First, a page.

Hate and racism are learned and can be unlearned through instruction directly connected to the Expectations in the Ontario Curriculum. While learning about racism and hate, it is important to ensure an understanding of why we must create more equitable learning environments. It is critical to ensure that students have an opportunity to share their identities and learn about others’ identities in positive and affirming ways that are not defined by hate and racism. This work in classrooms must begin with affirmation and goes beyond pain and struggle.
TDSB will identify expectations across subjects and courses where students’ lived experiences and identities should be integrated into the teaching of the Ontario Curriculum. This includes, but is not limited to, teaching about colonization, genocide, transatlantic enslavement of African Peoples, Holocaust, and internment of Asian Canadians. In this approach, classrooms become learning environments where students learn collectively about historical as well as current day experiences of hate and racism so that they can recognize and develop the skills to combat these various forms when they occur in their lives. Every student must feel seen, heard, respected, and understood by both their peers and educators. They also need to develop the skills to tackle, report and respond to hate and racism.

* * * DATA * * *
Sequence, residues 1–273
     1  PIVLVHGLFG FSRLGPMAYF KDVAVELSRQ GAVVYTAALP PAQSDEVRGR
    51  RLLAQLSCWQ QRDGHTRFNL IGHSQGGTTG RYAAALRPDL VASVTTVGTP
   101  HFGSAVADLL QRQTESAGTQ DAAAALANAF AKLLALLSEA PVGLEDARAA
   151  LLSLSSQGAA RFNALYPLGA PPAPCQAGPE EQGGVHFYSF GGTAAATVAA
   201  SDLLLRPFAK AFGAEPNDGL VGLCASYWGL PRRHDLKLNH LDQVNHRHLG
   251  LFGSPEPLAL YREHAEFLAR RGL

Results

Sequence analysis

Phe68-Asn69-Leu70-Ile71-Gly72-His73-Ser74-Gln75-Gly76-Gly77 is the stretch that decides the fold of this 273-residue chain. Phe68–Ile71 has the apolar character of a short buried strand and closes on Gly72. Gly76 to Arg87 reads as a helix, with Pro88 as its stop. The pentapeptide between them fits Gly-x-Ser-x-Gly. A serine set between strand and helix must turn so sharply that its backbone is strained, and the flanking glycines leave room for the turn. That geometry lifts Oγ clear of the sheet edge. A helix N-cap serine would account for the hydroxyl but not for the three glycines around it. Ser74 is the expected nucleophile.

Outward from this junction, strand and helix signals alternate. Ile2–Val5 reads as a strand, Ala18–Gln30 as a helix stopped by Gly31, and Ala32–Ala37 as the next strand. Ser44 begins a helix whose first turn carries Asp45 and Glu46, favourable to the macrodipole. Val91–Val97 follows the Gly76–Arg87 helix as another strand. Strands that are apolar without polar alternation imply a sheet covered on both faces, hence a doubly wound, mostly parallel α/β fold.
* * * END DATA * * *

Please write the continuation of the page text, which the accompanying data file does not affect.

TDSB offers courses to help affirm students intersecting identities as well as better understand racism, hate, intolerance and oppression. These courses include:
and Crimes Against Humanity (CHG381)
Studies Courses: Politics in Action (CPC3O1);
& Social Justice: From Theory to Practice (HSE4M1);
Anti-Black Racism (IDC4U); to name a few.
Courses with an Indigenous Focus and Perspectives: There will be consultation with the
Urban Indigenous Education Centre staff and Elders with regards to offering Indigenous
focused courses to more students.
A review of the current courses offered is being undertaken to determine which other courses should be added to the secondary course offerings to support learning about historical and contemporary perspectives to combat racism and hate. As well a continued effort to advocate for courses like these to become compulsory.
Courses will be offered in 50% of secondary schools in Semester 1, 2022